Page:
• OVC is awarding five million dollars under the Bridging Inequities – Legal Services and Victims’ Rights Enforcement for Underserved Communities program to increase access to legal assistance for victims of crime in underserved communities by building and training a cadre of 20 legal fellows to be hosted by organizations across the nation and located in underserved communities.

  • OVC is awarding $4.9 million under the Enhancing Access to Victim Services program to improve and expand the availability of accessible victim-centered, trauma-informed services for crime victims who are disabled, deaf, hard-of-hearing, limited English proficient, blind and/or visually impaired; fund accessible direct services for these victims; provide dedicated training and technical assistance to assist victim-serving organizations with the development and implementation of accessibility plans; and identify innovative approaches to serving these victims for replication within the field.

  • OVC is awarding two million dollars to Ujima to support the National Center on Violence Against Women in the Black Community, which will provide microgrants to victim-serving organizations run by/for the communities they serve with the overarching goal of increasing the number of victims accessing services in historically marginalized and underserved communities.

  • OJP’s National Institute of Justice is awarding almost $800,000 under its Racial and Ethnic Disparities in the Justice System: A Study of Existing Evidence and Public Policy Implications program, which will support a comprehensive evidence-based analysis of existing evidence to examine how observed racial and ethnic disparities in the justice system might be reduced through public policy.

  • BJA is awarding $2.9 million under the National Training and Technical Assistance: Capital Case Litigation Initiative, which helps states minimize the potential for error in the trial of capital cases, improve the quality of legal representation provided to indigent defendants in state capital cases and support state prosecutors in developing and implementing appropriate standards of practice and qualifications.

  • BJA is awarding $7.6 million under its Upholding the Rule of Law and Preventing Wrongful Convictions Program, which supports efforts by wrongful conviction review entities that represent individuals with post-conviction claims of innocence to review individual cases.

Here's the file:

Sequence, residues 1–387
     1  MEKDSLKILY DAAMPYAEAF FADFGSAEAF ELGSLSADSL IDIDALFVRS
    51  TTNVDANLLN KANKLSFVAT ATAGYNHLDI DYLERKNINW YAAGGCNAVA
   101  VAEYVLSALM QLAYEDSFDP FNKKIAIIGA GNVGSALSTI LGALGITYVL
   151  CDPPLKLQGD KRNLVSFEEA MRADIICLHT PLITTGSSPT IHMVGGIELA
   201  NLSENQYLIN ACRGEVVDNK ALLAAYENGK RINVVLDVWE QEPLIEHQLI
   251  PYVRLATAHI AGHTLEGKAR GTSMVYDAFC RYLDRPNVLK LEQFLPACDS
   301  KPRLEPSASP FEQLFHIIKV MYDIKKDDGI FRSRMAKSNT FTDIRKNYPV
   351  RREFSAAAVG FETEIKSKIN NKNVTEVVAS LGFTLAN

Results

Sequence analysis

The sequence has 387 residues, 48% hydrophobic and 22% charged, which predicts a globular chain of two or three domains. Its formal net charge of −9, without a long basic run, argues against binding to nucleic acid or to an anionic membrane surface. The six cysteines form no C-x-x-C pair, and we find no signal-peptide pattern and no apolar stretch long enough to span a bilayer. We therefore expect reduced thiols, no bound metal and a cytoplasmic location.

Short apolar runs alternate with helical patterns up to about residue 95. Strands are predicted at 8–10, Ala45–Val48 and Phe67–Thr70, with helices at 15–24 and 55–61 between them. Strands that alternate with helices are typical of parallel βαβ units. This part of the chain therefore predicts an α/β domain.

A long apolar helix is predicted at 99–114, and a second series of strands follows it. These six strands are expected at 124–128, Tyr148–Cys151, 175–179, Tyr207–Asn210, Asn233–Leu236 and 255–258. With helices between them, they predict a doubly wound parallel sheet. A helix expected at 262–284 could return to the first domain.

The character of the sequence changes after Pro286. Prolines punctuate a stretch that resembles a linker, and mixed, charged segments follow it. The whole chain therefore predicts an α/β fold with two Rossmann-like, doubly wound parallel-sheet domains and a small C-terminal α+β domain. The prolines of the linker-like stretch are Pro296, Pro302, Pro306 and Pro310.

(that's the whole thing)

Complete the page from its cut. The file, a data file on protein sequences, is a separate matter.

• BJA is awarding $6.5 million under the Postconviction Testing of DNA Evidence program, which helps defrays costs associated with postconviction case review, evidence location and DNA testing in violent felony cases (as defined by state law) where the results of such testing might show actual innocence.

In addition to the awards described above, Atlanta’s Clark University received $1.2 million under NIJ’s Research and Evaluation on Violence Against Women portfolio to conduct a campus climate survey at three Historically Black Colleges and Universities. NIJ has also awarded $2.7 million in grants under the W.E.B. Du Bois Program of Research on Reducing Racial and Ethnic Disparities in the Justice System to perform rigorous research that will help build knowledge about the connections between race, crime, violence and the administration of justice in the United States. Those grants were announced earlier and are not included in the total for this announcement.

More information about these and other OJP awards can be found on the OJP Grant Awards Page.

The Office of Justice Programs provides federal leadership, grants, training, technical assistance and other resources to improve the nation’s capacity to prevent and reduce crime, advance racial equity in the administration of justice, assist victims and enhance the rule of law. More information about OJP and its components can be found at  www.ojp.gov.

Source: USDOJ